If you don’t know it by now, we are fans of soft water.
We wax philosophic about it on this very blog almost every week. But mostly, we concentrate on the benefits (you know, the silky hair, soft skin and optimal-perfroming appliances.)
Today, we focus on the process or purging those hard water minerals and give a very basic description of what happens in your water softener.
Hard water contains varying amounts of calcium and magnesium, the two culprits that cause hard water problems. In broad strokes, a water softener replaces those minerals with a “soft” element (sodium) in an ion exchange.
First, the water enters the softener before being distributed to the rest of the household.
The first stop for incoming H2O is the mineral tank, which is filled with resin (charged plastic beads.) As the water passes through the beads, the positively charged calcium and magnesium jump ship and cling to the beads.
Weaker sodium ions are forced into the water after the calcium and magnesium saturate the beads. But it’s a trick – because, now, we regenerate.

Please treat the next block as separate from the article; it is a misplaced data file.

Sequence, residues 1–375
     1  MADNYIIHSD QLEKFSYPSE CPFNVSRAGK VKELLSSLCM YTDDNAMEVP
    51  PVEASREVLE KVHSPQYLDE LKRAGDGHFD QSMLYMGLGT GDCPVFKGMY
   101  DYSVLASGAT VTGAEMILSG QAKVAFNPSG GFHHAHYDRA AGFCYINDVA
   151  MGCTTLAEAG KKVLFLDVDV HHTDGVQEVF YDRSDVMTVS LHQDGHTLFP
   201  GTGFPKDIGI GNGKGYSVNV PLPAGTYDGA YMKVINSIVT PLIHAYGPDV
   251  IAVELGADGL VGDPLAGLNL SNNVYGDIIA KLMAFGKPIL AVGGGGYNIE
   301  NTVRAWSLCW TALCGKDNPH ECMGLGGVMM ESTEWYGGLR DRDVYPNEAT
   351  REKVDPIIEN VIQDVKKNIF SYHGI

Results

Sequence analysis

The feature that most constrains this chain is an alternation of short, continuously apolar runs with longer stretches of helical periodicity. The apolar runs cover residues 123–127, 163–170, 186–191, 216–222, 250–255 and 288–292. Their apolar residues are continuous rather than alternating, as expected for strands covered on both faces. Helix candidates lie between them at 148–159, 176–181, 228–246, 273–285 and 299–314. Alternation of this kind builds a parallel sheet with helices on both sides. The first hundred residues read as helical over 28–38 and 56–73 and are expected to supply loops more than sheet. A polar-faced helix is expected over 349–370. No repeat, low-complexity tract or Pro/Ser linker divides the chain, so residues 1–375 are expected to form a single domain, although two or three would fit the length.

The softener has the magnesium and calcium right where it wants it – cornered on the beads with nowhere to hide. A brine solution from the attached brine tank is then flushed through the mineral tank (this is where all the softener salt your Culligan man brought you comes in.) The influx of so much sodium knocks all the magnesium and calcium off the beads, and then the pressure of the system drains the water of the remaining hard water minerals.
The Happy Ending
You now have soft water, and one heck of a chemistry lesson.
Remember, models and brands of water softeners all differ in their exact calibrations and schematics.
A handy chart from Popular Mechanics gives a more visual version of our soft water story.